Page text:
There was an article on the Starts at 60 web site not long ago about “manufactured memories.” The upshot of the article was that your brain subconsciously embellishes on memories to make the story of your life better. It’s harmless, and experts have shown that it’s beneficial for your mental health.
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Why bring this up in an article about holding on to past loves? Simply because the reasons you hang onto those loves or crushes could just story telling memories, but instead of being good for you these hang-ups could be affecting your current or future relationships.
We went down to The Men’s Shed to discuss past loves to see if there were any effects of never actually letting go.
Henry thought over a life well lived before saying, “Melanie, she was my high school sweetheart. We started dating my first year of high school. Like most high school couples though we broke up and got back together a few times. The entire time I always thought it was “meant to be.” After high school, we had a fling or two but had moved on. I always held our time together in high regard and in fact I ended a lot of good relationships because I held them in comparison to her. It’s never fair to compare one person to another as each person you meet in life is a whole new adventure. I honestly think that it did affect my life. That is until I met my wife. She blew any expectation I had for another person out of the water. I won’t lie. Sometimes when the wife and I fought, I would think that this wouldn’t happen with Melanie. It took me a few years to realise that I was romanticising Melanie a bit because if it was so good with her why did we break up and drift apart? Couldn’t have been that good. Of course, she’s part of my past so she comes to mind from time to time but she could never fill my life like my wife does.”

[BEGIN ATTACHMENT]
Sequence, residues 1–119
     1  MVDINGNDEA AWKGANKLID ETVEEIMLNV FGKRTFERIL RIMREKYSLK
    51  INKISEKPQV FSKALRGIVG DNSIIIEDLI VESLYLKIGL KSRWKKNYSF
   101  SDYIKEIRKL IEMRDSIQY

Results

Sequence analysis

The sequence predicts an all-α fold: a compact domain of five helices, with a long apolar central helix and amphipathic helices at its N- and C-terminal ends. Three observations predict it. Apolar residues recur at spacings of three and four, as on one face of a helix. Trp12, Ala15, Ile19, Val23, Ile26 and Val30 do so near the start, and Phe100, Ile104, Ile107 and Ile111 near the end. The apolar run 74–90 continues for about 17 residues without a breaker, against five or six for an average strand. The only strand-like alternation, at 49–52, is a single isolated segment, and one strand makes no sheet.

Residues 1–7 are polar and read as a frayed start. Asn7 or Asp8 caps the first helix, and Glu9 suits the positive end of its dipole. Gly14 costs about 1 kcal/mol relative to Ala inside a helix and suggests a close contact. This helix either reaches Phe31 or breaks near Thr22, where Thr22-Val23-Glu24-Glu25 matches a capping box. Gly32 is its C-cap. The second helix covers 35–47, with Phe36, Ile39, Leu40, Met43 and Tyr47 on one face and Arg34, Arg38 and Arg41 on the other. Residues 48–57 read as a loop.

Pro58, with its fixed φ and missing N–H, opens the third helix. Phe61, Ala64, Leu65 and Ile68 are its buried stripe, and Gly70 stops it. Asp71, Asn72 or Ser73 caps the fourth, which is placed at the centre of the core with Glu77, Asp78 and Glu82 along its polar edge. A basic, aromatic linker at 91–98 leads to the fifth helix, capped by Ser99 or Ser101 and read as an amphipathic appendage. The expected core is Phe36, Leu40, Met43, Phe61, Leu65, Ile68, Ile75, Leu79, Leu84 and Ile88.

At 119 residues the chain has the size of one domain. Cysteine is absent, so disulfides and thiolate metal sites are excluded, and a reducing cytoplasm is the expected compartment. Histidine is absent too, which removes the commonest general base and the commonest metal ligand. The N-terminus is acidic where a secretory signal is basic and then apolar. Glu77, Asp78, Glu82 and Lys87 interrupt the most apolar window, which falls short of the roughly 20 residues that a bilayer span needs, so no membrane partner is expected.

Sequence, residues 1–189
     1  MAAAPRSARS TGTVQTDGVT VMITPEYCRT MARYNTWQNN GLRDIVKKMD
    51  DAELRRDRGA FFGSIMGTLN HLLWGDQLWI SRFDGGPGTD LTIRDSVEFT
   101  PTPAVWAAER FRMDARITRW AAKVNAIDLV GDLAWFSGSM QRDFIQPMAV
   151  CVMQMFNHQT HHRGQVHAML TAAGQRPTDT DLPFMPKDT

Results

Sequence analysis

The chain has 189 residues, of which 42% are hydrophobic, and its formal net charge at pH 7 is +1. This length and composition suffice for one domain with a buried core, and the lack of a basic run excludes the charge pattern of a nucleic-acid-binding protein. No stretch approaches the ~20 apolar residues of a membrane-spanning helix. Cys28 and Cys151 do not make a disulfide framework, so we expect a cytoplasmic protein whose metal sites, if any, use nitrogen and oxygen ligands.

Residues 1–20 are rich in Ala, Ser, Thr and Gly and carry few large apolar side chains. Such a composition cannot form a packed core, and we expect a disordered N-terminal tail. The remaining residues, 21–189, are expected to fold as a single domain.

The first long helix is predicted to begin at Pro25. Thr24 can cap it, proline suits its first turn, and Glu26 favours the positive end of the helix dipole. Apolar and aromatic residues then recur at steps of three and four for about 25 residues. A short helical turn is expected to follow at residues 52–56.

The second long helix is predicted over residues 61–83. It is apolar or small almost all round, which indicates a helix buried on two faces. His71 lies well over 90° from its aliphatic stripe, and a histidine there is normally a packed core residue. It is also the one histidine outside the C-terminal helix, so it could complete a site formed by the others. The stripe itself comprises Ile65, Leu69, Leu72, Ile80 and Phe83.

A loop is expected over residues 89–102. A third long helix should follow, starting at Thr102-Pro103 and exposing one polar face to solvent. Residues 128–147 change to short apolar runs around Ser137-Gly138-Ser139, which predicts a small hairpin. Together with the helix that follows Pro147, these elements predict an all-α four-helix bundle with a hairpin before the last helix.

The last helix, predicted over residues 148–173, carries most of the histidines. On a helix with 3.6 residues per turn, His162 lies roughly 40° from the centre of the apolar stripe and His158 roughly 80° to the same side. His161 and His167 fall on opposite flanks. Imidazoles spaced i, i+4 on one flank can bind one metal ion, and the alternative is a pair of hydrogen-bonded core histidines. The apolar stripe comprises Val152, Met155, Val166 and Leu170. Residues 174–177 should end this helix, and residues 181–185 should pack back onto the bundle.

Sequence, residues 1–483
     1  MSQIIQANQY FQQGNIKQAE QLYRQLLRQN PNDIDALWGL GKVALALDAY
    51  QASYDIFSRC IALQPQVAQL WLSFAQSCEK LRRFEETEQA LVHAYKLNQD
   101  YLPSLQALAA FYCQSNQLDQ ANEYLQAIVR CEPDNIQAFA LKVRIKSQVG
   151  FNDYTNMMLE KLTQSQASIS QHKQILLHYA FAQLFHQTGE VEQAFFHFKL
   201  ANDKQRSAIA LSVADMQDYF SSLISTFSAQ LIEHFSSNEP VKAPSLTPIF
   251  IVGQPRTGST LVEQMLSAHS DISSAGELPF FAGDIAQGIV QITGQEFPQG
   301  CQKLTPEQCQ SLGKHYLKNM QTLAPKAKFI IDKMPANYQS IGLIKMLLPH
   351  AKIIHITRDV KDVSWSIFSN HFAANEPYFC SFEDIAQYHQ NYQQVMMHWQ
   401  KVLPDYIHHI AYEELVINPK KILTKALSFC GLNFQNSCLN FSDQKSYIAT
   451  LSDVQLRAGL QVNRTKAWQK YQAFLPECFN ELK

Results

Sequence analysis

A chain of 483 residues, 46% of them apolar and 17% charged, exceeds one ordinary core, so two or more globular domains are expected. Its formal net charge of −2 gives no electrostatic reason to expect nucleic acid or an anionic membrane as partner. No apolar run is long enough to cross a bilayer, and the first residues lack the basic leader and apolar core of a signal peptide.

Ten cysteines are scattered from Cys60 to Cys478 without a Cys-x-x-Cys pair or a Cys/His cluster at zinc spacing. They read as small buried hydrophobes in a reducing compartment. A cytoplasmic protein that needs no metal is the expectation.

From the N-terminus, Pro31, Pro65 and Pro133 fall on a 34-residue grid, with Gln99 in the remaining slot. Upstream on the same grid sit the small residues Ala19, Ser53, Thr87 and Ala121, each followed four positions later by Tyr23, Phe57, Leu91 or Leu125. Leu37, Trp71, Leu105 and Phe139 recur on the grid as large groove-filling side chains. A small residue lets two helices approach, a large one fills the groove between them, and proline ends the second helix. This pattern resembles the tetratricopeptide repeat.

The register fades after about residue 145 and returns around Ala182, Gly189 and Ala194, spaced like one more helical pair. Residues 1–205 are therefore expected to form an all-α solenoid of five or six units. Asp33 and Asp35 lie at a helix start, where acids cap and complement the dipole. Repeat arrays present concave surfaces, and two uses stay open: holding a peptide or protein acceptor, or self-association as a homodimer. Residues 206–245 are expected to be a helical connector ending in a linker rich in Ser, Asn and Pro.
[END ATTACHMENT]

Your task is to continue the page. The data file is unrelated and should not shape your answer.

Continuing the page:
“My first wife ruined my second and third marriage,” David said. “That makes it sound like she made my life hell. I should have started that differently. My first wife died in an accident after we were only married for a few years. She was a childhood friend and teenage girlfriend. It took a long time to get over her. I rushed into a second marriage so that I could feel some kind of normalcy. It was so unfair to her. I compared everything to my first wife, and it drove my second and third wife away. I finally got help and dealt with my grief. It took almost 20 years to come to terms with it. Funny enough I decided to seek out my ex-wives after I dealt with my grief to apologise cause it weighed on my mind almost every night. They both already knew my problem and were hoping they were the ones that could fix me. We’re all friendly now. I’m not going to get married again, but I am seeing someone which is nice.”
The generally feeling from the fellas at the Men’s Shed is that a lot of the “ones that got away” are simply a “grass is always greener” thought or a holding on of youth. As one of the men pointed out “If you live forever in the past, there is no chance of a great future.”